Ye sort herbal pequeñu of Tamanu large, terrestrial, which prefer to climate rein. Tien a robustus Tarmu green maciu 4 to 10 Fueyo basal lliniales linear-llanceolaes Fueyo and kaolin it almost Visu‘s Tarmu. Floria in spring and cannula nuna inflorescence cylindrical or oblong 45 to 135 cm Llarga munches with flowers (15 to 25), fragrant color variable.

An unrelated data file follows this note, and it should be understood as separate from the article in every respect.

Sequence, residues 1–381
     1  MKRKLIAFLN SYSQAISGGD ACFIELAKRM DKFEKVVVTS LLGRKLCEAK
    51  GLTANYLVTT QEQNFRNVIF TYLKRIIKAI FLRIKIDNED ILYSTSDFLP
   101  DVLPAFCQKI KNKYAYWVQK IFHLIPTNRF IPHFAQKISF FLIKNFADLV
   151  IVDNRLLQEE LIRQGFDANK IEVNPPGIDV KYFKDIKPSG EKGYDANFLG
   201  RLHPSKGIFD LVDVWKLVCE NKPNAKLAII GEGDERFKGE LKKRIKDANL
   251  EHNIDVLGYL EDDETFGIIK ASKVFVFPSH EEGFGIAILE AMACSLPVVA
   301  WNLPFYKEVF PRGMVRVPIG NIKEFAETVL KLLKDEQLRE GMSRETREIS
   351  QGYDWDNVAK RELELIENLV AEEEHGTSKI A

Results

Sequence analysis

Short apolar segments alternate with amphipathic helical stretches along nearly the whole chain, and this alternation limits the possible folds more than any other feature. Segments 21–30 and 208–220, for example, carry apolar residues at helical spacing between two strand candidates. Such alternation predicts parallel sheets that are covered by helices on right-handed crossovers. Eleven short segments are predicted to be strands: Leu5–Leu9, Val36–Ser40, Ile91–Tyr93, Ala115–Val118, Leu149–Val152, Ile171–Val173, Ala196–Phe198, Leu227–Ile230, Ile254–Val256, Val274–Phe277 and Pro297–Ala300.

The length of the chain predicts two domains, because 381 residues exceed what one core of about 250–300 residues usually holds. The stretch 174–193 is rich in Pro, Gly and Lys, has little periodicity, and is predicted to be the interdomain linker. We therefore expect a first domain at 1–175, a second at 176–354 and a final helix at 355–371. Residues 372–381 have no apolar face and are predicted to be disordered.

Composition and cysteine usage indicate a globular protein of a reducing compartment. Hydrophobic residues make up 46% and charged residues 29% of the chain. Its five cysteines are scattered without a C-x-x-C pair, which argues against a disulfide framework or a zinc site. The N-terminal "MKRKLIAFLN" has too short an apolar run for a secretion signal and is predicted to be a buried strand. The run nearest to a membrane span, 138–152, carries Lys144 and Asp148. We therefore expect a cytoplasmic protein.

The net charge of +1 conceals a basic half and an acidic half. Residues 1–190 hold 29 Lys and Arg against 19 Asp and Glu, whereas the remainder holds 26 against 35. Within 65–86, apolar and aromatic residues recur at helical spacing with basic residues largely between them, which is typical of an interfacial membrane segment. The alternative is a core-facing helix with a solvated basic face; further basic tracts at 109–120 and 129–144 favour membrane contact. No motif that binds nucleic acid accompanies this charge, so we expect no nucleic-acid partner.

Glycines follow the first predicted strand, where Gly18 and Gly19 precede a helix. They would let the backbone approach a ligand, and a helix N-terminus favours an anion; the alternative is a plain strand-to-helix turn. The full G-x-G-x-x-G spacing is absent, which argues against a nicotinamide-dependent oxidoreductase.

Easily grown in full sun in a moist sandy loam. Orchids are, in general, shallow-rooting plants of well-drained low-fertility soils. Their symbiotic relationship with a fungus in the soil allows them to obtain sufficient nutrients and be able to compete successfully with other plants. They are very sensitive to the addition of fertilizers or fungicides since these can harm the symbiotic fungus and thus kill the orchid. This symbiotic relationship makes them very difficult to cultivate, though they will sometimes appear uninvited in a garden and will then thrive. Transplanting can damage the relationship and plants might also thrive for a few years and then disappear, suggesting that they might be short-lived perennials. Plants can succeed in a lawn in various parts of the country. The lawn should not be mown early in the year before or immediately after flowering. Plant out bulbs whilst the plant is dormant, preferably in the autumn. Plants seem to be immune to the predations of rabbits. Cultivated plants are very susceptible to the predation of slugs and snails. The flowers have an abominable bug-like smell. The flowers of the commoner sub-species, O. coriophora fragrans, however, are sweetly scented.